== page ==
Thursday, October 28, 2010

Defending Itself Too Late: The Luzhin Defence Finishes Well But Does Little Else.

The Luzhin Defence
The Good: Acting, Characters, Cinematography
The Bad: Slow plot, Pacing issues
The Basics: Despite a dreadful first half in terms of pacing and plot, this chess-heavy film is worth watching for the successes in acting and character too rare in today's films.

The Luzhin Defence is one of those artsy films that does a great job a looking good, having excellent actors playing engaging characters, but loses itself in backstory to the point that by the time the tale becomes interesting, the viewer has way too much work to do to actually care.

Apparently based on a novel by Nabokov (the same who wrote Lolita for those of you keeping track), The Luzhin Defence is concerned with a chess master named Luzhin who is attending the world championship chess match. Winning the series of matches at this chess match will make him world champion, grand master or whatever it's called in chess; this is the World Series of chess.

Luzhin, loosely put, is a loose cannon. He's a whiz at chess, socially inept and easily confused when forced into a context other than a chess match. Upon his meeting Natalia, a young woman whose mother is determined to marry her off, he proposes before asking her name. He's a bit of a crackpot and she's very straightlaced, but she's game for having an eccentric in her life and the two quickly pair up.

If only that were all the film concerned itself with. The chess match and the romance could be sophisticatedly juggled and well arranged. Unfortunately, the film quickly dives into a series of flashbacks concerning Luzhin, his parents and his aunt and his mentor, Valentinov, in an attempt to explain why Luzhin is the way he is. Unfortunately, it ends up confusing the matter entirely and neither story is as well-developed as it could and should be.

Valentinov reappears at the World Chess Championship, entering like the Evil Chess Master to act as a hex for Luzhin. So the film degenerates into a well-paced war between Natalia and Valentinov for control of the unstable Luzhin.


It's hard to write an interesting review of this film because it's not a terribly interesting film. It succeeds in looking incredible. The sets are wonderful, the costumes are nice and the film is filled with nice shots, intriguing angles, you name it. The film has interesting characters; Luzhin and Natalia are interesting people, their motivations make sense. The acting is superlative: John Turturro as Luzhin, Emily Watson as Natalia and Stuart Wilson as Valentinov make up an amazing triumvirate of powerful acting. They flesh out all the flaws in the writing, they make the dull, drops-from-a-leaking-sink pace almost bearable.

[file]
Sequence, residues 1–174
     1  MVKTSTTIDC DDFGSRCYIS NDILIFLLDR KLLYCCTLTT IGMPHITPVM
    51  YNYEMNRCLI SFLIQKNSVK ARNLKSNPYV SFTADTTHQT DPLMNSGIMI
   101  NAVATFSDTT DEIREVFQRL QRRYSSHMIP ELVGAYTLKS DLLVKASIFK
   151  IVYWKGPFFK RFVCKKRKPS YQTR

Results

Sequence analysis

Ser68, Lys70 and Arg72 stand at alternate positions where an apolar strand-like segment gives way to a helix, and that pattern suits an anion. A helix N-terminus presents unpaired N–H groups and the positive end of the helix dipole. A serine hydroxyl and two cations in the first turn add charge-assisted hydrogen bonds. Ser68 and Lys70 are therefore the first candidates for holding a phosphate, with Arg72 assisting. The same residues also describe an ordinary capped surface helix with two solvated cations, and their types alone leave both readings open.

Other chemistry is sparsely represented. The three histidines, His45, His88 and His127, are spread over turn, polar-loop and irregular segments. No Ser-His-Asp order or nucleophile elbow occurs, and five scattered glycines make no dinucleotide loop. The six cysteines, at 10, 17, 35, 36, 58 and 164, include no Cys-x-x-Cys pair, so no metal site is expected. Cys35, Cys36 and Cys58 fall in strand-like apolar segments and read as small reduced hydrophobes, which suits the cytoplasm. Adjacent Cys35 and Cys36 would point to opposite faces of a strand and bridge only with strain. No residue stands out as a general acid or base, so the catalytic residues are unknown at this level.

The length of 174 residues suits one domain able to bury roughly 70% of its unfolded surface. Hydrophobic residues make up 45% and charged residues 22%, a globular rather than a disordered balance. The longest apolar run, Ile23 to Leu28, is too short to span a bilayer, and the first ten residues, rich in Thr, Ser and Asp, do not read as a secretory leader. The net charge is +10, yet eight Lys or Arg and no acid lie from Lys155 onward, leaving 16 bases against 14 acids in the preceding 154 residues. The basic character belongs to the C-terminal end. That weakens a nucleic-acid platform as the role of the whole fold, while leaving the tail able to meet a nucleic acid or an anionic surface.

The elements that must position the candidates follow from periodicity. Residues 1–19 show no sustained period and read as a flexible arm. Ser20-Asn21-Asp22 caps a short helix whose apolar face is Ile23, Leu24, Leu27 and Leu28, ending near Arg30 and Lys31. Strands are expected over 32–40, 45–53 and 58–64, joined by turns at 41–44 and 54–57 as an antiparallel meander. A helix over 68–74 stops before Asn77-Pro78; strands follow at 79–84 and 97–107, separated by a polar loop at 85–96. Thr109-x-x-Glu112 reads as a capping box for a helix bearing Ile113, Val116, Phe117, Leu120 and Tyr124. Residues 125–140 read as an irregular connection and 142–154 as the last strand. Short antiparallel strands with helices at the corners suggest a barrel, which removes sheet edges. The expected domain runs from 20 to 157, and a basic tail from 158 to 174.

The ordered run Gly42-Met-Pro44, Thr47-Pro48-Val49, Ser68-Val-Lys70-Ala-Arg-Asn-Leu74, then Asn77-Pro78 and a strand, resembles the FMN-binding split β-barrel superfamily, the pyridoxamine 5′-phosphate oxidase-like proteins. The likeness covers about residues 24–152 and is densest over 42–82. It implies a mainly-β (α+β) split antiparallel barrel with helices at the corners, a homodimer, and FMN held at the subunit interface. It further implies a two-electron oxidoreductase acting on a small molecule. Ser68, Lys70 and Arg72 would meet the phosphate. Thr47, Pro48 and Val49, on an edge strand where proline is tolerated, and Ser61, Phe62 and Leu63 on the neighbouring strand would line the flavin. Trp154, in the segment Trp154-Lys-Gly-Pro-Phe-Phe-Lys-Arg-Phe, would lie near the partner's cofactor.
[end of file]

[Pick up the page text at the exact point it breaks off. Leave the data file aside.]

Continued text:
Almost. The first half of the film is carried entirely by the quality of the acting and the intrigue of the characters; the plot drags, the flashbacks are tired and uninspired. The second half of the film is enough to make the viewer want to wake up the sleeping audience, elbow your friend and when they ask "Is it still that dreadful movie?" lie and say, "No, it's an entirely different one." In some ways it is; it is focused, precise, interesting, and it rises quickly to a climax.

I'm recommending this film because in the final analysis, it's not a waste of time. It's interesting, it has its moments; unfortunately, they all come in the last half.

For other quirky films or films with offbeat characters, please check out my reviews of:
The Men Who Stare At Goats
Charlie Wilson's War
Year One


For other film reviews, please visit my index page by clicking here!

© 2010, 2001 W.L. Swarts. May not be reprinted without permission.

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